Dublin-based antiquarian Liz Maguire (28), who is originally from the US, has been collecting vintage love letters since she was a teenager and says expressions of love are constantly changing and evolving
“I bought my first vintage love letter at a flea market when I was a teenager. My mom gave me $20 to leave her alone while she went to look at her own stuff. I was well chuffed that I had this cash in my pocket but I spent it all in probably 15 minutes!
Afterwards I was looking around and I found a box of letters that were all yellow and folded over on each other. At this point I was strapped for cash because I had already spent my little allowance so I found my mom and I pulled her over and I was like, ‘This is so cool! Can I have another $5?’
Looking back, I think she saw it as a great summer project because I was always bookish and into history. Plus, my mom is a collector herself. She deals in vintage jewellery so I grew up at her elbow at flea market tables. She has this remarkable talent where she can pick up a brooch and say, ‘Oh, that’s Depression era’, and I’m like, ‘How can you tell that?’ She’s like a savant for it.
As I grew up and added to my collection, I got better at sourcing and dating letters. The easiest way to identify them is by the postmark — that circular stamp tells you where it was dispatched and when.
But sometimes you can get a sense from the content of the letter itself. During World War I, for example, there was a lot more suggestion in the writing, with phrases like, ‘Oh my darling, I wish I could hug and hold you’ or ‘I wish I could be in your arms’, whereas during World War II it might be a littler soppier, bolder and read-between-the-lines.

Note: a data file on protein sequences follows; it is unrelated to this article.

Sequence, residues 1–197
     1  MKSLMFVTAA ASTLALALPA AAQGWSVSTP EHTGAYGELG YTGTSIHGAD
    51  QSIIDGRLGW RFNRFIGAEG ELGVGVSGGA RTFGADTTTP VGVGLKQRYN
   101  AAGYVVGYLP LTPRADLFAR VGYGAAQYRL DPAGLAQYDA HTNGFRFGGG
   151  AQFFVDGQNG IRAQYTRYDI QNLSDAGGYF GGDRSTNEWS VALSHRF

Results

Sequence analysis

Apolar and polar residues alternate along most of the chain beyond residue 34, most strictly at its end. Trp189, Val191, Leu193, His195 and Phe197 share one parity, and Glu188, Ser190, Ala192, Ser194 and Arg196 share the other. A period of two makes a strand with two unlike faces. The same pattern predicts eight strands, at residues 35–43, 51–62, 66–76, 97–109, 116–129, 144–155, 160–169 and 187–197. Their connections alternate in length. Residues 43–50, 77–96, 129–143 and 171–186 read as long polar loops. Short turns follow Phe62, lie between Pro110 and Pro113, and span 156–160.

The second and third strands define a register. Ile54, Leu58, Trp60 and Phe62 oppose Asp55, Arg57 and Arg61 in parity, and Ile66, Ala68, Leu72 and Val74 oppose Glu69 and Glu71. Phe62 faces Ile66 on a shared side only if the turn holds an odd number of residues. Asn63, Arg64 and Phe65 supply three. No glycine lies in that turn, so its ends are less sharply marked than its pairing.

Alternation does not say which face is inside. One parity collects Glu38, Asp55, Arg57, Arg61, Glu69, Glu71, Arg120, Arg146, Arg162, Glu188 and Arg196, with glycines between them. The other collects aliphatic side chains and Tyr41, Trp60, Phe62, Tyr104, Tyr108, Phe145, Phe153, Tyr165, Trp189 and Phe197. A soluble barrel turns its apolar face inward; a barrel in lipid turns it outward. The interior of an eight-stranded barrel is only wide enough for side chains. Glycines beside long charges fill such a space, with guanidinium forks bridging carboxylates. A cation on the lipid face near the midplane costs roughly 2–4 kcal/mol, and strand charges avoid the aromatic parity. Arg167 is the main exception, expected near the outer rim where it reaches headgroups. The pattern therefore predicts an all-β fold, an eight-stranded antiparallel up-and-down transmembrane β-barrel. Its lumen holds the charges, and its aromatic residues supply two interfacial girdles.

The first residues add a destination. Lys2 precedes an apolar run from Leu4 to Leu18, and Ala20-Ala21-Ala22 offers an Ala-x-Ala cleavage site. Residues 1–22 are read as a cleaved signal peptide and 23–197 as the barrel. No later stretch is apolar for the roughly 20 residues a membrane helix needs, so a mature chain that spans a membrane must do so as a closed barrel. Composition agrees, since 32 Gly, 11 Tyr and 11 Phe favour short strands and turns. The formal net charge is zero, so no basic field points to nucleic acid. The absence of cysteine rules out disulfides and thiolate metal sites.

There were GIs getting letters from girls they maybe only met once and she’s describing, for maybe four pages, her summer bathing suit, and you’re thinking, ‘Well, that definitely wouldn’t have happened in 1914…’
I’m a big softie for the 1920s to the 1930s because I think that’s the most interesting period of history. You’re between the Great War and you’re about to enter the Great Depression and World War II. It’s a fascinating 10 to 15 years. I don’t really have any letters in the collection from after the 1950s because I don’t think people are as ready to part with those as much as they are the earlier stuff.
Collecting love letters is a weird hobby because a lot of people feel like it’s very voyeuristic. And then, at a certain point, you kind of have to make a decision about how you’ll approach it. It comes down to having the resources to source the letters and coming to terms with how you want to present the collection.
For me, that meant starting Flea Market Love Letters in 2017. I shared my archive online and it’s very important to me that people know these are real people’s stories and that I don’t profit off the project. I’m basically the keeper of the letters.
I was living in Washington DC when I started Flea Market Love Letters but then, the following year, I came to Dublin to do a Masters in Marketing in Trinity. I studied English in Trinity in 2014 and I always wanted to return. Getting the opportunity to come back, with my partner, was so exciting — even though we’ve been inside for most of it!
Most of the letters in my collection are from the US but I’ve been looking for more Irish letters to add to it. I’ve found a few postcards and single sheet letters in Blackrock Market. Needful Things on Aungier Street also has a few postcards so I love to go and poke around in there, too.